By Ann Saphir
(Reuters) – To prevent too-high inflation in an economy that has seen a strong labor market despite nearly a year’s worth of Fed rate increases in 40 years, the U.S. Federal Reserve will likely need to raise the benchmark rate to 5% and maintain it there.
This was Friday’s betting on financial markets after the U.S. Labor Department reported that employers added more then half a million jobs last week, much more than anticipated, and that the unemployment rate dropped to 3.4%. It is the lowest level in over 50 years.
Mary Daly, president of San Francisco Fed also saw it that way.
Fed policymakers projected that rates would be raised to at least 5.1% by December to curb inflation. However, this projection is still valid. “good indicator” Daly shared his thoughts with Fox Business Network regarding where policy is heading.
She added: “I’m prepared to do more than that, if more is needed.”
The view of Daly and the Fed’s policymakers, including Fed Chair Jerome Powell is not new. It is also not surprising considering what Daly called “the” “wow” Strength of January’s job growth.
For markets, however, it’s a turning point.
The Fed earlier this week increased its benchmark rate by a quarter-of-a-percentage-point to 4.5%-4.75%. Powell stated that the labor market is still tight and that he anticipates the Fed to require additional funds. “ongoing” Increases to obtain monetary policy “sufficiently restrictive” We need to create a more balanced employment market and reduce too-high inflation.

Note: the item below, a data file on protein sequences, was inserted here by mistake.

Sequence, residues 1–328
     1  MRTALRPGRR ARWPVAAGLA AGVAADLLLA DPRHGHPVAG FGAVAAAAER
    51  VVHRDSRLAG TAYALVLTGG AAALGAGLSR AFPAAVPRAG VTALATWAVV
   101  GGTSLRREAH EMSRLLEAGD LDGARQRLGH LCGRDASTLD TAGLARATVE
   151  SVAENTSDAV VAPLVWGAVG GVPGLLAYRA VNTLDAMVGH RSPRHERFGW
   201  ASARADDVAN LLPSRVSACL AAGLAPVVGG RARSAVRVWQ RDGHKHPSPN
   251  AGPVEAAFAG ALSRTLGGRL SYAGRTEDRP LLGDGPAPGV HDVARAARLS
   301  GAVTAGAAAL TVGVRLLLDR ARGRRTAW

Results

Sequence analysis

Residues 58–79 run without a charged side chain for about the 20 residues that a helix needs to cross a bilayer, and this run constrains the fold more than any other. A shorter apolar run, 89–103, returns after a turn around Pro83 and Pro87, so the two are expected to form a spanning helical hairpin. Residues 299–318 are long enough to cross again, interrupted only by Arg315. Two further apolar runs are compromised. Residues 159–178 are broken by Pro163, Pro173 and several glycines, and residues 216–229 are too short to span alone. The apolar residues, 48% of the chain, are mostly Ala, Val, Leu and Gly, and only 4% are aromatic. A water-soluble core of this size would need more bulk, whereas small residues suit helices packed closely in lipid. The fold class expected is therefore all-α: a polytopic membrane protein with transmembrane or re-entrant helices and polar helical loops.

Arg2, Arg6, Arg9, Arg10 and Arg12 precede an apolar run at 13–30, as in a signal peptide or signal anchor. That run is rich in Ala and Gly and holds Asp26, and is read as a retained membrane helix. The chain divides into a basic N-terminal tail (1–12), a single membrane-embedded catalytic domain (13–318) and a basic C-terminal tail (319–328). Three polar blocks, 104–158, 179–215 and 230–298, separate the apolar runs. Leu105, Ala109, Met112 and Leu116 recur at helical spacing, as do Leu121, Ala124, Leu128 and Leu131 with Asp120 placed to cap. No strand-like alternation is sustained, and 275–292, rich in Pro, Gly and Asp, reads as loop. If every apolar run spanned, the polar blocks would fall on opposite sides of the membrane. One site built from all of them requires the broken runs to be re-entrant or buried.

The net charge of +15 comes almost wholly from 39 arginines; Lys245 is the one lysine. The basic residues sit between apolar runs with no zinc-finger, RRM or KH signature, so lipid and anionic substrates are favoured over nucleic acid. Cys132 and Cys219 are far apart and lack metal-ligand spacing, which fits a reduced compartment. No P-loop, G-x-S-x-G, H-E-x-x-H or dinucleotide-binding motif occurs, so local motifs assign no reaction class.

Although initially skeptical that the Fed would require more than a quarter-point interest-rate rise in March due to a disinflationary trend, futures traders of interest-rate futures were able to price an additional increase in May after Friday’s employment report.
This would raise the policy rate to 5%-5.255%.
Traders also voiced their expectation for Fed rate reductions after the jobs report. These were priced to start in November instead of September.
Powell stated that he doesn’t expect inflation to fall quickly enough for the Fed to reduce rates this year.
Friday’s Labor Department report revealed a slower pace of growth in average hourly earnings at 4.4%, compared to December’s upwardly revised 4.8%.
“While the Fed welcomes any signs of easing wage pressures, the pace of growth in average hourly earnings is still too strong to help lower inflation,” Ryan Sweet of Oxford Economics wrote the following.
Daly stated Friday that the Fed will be focusing on progress in inflation to drive its policy decisions. The Fed’s preferred gauge for inflation showed that December saw inflation slow down from earlier this year.
Daly warned that it is too early to conclude that inflation has peaked.
“The direction of policy is for additional tightening and in holding that restrictive stance for some time,” She spoke. “We really will have to be in a restrictive stance of policy until we truly understand and believe that inflation will come squarely back down to our 2% target.”
(Reporting by Ann Saphir, with reporting by Ankika Biwas, Caroline Valetkevitch Lindsay Dunsmuir and Lucia Mutikani; Editing done by Raissa Kazolowsky, Chizu Namiyama, Andrea Ricci
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